October 4, 2016
The Virginia Supreme Court granted a motion to dismiss filed by St. John, Bowling, Lawrence & Quagliana, ending a case brought against the Region Ten Community Services Board. Jim Bowling represented Region Ten in litigation brought against the agency by the plaintiff, an individual receiving services from Region Ten. When the plaintiff lost at the trial court, he attempted to appeal the trial court decision to the Virginia Supreme Court. In lieu of filing a lengthy and time-consuming Brief in Opposition to the Petition for Appeal, Mr. Bowling filed a succinct Motion to Dismiss, pursuant to Virginia Supreme Court Rule 5:4. The Motion argued, among other things, that the Assignments of Error were insufficient and that the appeal should be dismissed. The Motion also asked the Court to stay the proceedings until the Motion was decided.
The Supreme Court granted the motion to stay the proceedings, obviating the need to file a Brief in Opposition to Appeal, and subsequently granted Region Ten’s motion to dismiss the petition on the basis of insufficient assignments of error.
October 17, 2016
Rhonda Quagliana will present a Virginia CLE® seminar for attorneys titled “Representing Clients in Title IX Investigations of Sexual Misconduct on College Campuses” in Charlottesville, Virginia. Over the past seven years, college and university campuses have seen a substantial increase in the number of allegations of sexual assault and other forms of sexual misconduct. The process by which colleges and universities investigate and adjudicate these allegations has generated heated controversy throughout the nation, as colleges and universities implement new and controversial procedures to meet their obligations under Title IX, and as students and their families attempt to navigate the life-changing consequences that may result from a report of sexual misconduct.
The seminar introduces attorneys to the legal concepts that govern how colleges and universities investigate and adjudicate allegations of sexual misconduct against their students. It provides practical advice to attorneys in this unique legal setting—those representing accused students, complainants, witnesses, and those representing colleges and universities. It explores the difficulties that students face in proceedings that are neither criminal nor civil in nature. And it explores the rapidly developing case law delineating the obligations of colleges and universities, as well as the rights of the accused students.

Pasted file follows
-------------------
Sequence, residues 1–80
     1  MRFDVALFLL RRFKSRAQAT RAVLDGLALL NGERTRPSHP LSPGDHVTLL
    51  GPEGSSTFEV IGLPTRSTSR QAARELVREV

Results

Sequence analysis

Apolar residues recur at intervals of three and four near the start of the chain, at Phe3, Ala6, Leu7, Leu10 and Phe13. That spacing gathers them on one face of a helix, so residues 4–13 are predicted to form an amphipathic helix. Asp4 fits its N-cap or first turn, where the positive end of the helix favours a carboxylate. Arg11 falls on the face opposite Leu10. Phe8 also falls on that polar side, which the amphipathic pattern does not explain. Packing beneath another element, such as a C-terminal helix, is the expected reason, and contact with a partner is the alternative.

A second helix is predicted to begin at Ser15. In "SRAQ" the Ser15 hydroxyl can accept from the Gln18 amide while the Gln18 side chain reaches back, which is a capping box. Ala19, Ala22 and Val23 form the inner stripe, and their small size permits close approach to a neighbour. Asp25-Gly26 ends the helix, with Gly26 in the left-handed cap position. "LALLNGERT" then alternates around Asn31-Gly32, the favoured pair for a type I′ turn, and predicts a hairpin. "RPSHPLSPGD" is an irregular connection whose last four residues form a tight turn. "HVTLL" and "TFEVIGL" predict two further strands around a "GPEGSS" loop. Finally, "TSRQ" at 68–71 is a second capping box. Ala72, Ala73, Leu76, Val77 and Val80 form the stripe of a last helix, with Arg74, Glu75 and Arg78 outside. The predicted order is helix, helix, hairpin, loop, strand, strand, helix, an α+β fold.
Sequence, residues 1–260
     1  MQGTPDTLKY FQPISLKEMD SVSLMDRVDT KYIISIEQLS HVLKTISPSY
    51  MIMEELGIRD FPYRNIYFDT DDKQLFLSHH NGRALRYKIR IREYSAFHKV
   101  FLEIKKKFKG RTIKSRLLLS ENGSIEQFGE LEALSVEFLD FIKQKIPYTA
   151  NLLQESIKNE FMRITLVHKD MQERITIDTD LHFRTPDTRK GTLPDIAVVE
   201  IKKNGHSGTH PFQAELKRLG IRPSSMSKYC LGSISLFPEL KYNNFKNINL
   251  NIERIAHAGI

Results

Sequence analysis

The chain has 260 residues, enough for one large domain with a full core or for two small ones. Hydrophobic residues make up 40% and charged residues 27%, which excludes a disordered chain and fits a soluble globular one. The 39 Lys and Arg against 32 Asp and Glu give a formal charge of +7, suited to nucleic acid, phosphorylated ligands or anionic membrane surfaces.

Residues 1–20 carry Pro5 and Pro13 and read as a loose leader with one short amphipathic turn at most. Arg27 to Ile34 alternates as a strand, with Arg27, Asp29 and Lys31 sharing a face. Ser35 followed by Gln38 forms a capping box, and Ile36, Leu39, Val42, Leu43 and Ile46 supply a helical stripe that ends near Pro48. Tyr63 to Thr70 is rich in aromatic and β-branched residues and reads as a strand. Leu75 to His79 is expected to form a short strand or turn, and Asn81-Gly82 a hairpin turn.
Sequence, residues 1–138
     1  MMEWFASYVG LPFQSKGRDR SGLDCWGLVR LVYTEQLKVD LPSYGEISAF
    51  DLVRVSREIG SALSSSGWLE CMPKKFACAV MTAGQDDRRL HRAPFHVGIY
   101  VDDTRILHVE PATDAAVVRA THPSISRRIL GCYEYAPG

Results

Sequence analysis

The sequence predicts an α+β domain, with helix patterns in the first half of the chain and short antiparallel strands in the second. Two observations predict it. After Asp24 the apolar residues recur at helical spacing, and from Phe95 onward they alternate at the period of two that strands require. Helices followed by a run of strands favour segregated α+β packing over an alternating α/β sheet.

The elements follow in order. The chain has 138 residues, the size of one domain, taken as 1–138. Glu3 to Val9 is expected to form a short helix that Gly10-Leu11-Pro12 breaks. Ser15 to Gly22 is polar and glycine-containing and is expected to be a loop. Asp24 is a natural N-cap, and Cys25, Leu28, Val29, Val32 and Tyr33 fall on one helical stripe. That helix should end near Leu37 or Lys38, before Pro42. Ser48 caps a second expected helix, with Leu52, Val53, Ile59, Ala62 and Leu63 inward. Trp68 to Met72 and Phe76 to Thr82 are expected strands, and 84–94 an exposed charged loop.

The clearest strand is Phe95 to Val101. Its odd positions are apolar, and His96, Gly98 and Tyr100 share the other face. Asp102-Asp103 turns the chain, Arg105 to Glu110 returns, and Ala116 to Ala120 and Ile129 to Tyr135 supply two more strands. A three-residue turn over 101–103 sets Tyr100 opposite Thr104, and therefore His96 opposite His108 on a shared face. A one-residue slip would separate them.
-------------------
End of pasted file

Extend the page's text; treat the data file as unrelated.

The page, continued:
On May 9, 2016, the Fourth Circuit Court of Appeals decided a precedent-setting case in Goines v. Valley Community Services Board, et al. that has been cited frequently since its publication. St. John, Bowling, Lawrence & Quagliana attorneys Jim Bowling and Francesca Fornari represented a mental-health evaluator, who was alleged to have erroneously concluded that the plaintiff suffered from a mental illness and that he posed a threat to the safety of his neighbors. The plaintiff was involuntarily committed to a hospital for five days. The District Court held on a motion to dismiss that the mental-health evaluator did not violate any of the plaintiff’s constitutional rights, and dismissed the case against her. The plaintiff appealed the decision to the Fourth Circuit, where Jim Bowling successfully argued that the information contained in the Prescreening Report, which had been attached to the Complaint, was sufficient to provide probable cause for the emergency mental-health detention. The Fourth Circuit upheld the District Court’s dismissal of the case against the mental-health evaluator. The Goines opinion is an important decision out of the Fourth Circuit, because it sets forth the legal standards governing under what circumstances the contents of documents attached to a Complaint should be treated as “true” for purposes of a motion to dismiss.